Economic models for hedonic markets characterize the pricing of bundles of attributes and the demand and supply of these attributes under different assumptions about market structure,
preferences and technology. (See Jan Tinbergen, 1956, Sherwin Rosen, 1974 and Dennis Epple,
1987, for contributions to this literature). While the theory is well formulated, and delivers some elegant analytical results, the empirical content of the model is under debate. It is widely believed that hedonic models fit in a single market are fundamentally underidentified and that any empirical content obtained from them is a consequence of arbitrary functional form assumptions.
The problem of identification in hedonic models is a prototype for the identification problem in a
variety of economic models in which agents sort on unobservable (to the economist) characteristics: models of monopoly pricing (Michael Mussa and Sherwin Rosen, 1978; Robert Wilson, 1993) and models for taxes and labor supply (James Heckman, 1974). Sorting is an essential feature of econometric models of social interactions. (See William Brock and Steven Durlauf, 2001). In this paper we address the sorting problem in hedonic models. Nesheim (2001) extends this analysis to a model with peer effects.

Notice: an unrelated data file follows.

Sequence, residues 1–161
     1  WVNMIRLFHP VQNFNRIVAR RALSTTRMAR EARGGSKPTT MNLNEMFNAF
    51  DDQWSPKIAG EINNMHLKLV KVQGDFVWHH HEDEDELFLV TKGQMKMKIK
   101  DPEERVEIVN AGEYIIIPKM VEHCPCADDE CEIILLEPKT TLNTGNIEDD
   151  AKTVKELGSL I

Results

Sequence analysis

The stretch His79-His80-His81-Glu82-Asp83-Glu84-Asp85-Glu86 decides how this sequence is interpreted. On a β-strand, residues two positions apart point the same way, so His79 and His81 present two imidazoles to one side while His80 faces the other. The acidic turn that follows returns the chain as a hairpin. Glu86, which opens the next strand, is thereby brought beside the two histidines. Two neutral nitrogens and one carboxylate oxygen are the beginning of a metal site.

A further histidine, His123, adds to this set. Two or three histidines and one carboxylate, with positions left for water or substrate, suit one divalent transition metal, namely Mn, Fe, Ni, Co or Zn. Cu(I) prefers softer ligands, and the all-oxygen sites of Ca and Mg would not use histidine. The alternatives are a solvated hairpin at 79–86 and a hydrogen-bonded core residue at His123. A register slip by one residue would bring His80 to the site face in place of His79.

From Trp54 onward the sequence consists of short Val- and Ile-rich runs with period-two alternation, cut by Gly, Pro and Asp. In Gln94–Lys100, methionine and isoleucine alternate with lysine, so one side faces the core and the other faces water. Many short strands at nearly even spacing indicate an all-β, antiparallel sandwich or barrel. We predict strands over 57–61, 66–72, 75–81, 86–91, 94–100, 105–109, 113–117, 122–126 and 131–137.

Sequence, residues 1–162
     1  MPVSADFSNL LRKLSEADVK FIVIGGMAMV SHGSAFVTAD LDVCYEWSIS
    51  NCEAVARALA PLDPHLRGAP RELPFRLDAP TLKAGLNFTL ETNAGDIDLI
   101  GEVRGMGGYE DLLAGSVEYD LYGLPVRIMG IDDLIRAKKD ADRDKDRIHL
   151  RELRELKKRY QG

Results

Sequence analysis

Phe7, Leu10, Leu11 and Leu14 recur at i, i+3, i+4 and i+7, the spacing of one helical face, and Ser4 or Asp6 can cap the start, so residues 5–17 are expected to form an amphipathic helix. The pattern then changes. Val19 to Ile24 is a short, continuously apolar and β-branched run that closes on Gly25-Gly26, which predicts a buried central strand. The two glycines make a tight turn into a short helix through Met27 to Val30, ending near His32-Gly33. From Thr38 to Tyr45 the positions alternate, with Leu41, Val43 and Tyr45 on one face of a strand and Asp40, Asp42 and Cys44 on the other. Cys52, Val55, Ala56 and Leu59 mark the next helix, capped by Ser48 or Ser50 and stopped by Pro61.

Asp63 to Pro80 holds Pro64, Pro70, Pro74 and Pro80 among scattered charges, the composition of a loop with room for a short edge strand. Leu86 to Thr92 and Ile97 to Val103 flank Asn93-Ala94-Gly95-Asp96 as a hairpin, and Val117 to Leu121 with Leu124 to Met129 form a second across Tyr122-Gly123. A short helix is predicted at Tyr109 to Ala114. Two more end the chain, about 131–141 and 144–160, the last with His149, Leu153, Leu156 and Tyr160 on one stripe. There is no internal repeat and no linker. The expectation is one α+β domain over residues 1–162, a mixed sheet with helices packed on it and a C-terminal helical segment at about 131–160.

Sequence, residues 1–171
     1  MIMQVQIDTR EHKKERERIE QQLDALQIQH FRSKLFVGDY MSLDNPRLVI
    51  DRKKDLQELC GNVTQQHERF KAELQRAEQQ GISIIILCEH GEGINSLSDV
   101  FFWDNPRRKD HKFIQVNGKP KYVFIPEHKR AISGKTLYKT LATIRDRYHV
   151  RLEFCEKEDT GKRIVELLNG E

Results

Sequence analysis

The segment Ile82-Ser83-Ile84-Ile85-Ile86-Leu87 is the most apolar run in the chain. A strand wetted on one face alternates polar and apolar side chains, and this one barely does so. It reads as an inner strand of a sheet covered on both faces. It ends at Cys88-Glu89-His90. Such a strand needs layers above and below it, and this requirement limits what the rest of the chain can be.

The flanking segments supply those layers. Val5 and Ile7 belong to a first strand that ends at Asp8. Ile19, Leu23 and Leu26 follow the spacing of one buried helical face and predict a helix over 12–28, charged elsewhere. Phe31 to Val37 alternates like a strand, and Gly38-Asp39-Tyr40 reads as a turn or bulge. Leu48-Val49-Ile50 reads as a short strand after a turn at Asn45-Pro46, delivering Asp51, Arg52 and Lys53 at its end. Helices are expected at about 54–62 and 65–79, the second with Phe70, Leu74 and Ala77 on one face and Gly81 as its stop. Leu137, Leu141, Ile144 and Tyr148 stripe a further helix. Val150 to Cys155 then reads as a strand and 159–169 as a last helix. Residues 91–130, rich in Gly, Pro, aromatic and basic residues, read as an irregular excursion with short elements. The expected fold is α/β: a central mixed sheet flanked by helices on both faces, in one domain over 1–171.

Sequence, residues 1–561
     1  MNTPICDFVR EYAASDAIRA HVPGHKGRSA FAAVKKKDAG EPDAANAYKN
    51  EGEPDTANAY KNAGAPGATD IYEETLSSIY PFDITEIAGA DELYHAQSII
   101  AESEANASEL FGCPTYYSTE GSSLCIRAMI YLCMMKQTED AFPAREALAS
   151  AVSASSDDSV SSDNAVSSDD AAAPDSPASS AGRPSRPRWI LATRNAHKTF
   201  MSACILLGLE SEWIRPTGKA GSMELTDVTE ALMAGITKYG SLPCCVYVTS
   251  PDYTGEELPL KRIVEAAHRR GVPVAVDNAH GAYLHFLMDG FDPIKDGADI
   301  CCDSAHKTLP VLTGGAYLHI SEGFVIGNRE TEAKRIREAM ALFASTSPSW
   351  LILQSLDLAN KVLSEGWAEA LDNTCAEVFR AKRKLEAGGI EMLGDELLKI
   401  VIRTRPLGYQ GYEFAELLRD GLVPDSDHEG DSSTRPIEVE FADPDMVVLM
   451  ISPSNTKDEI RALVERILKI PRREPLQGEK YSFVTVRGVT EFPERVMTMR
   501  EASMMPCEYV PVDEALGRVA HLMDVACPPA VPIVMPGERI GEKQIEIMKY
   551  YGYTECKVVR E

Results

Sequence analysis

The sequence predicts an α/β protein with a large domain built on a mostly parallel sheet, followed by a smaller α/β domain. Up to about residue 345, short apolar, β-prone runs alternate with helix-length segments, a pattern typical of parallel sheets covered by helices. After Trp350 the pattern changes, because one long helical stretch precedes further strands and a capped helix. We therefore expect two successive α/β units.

In this paper we note that commonly used linearization strategies made to simplify estimation and justify the application of instrumental variables methods, produce identification problems. The hedonic model is generically nonlinear. It is the linearization of a fundamentally nonlinear model that produces the form of the identification problem that dominates discussion in the applied literature. Linearity is an arbitrary and misleading functional form when applied to empirical hedonic models.
Our research establishes that even though sorting equilibrium in a single market implies no
exclusion restrictions, the hedonic model is generically nonparametrically identified. Instrumental
variables and transformation model methods identify economically relevant parameters even
without exclusion restrictions. Multimarket data, widely viewed as the most powerful source of
identification, achieves this result only under implausible assumptions about why hedonic functions
vary across markets.
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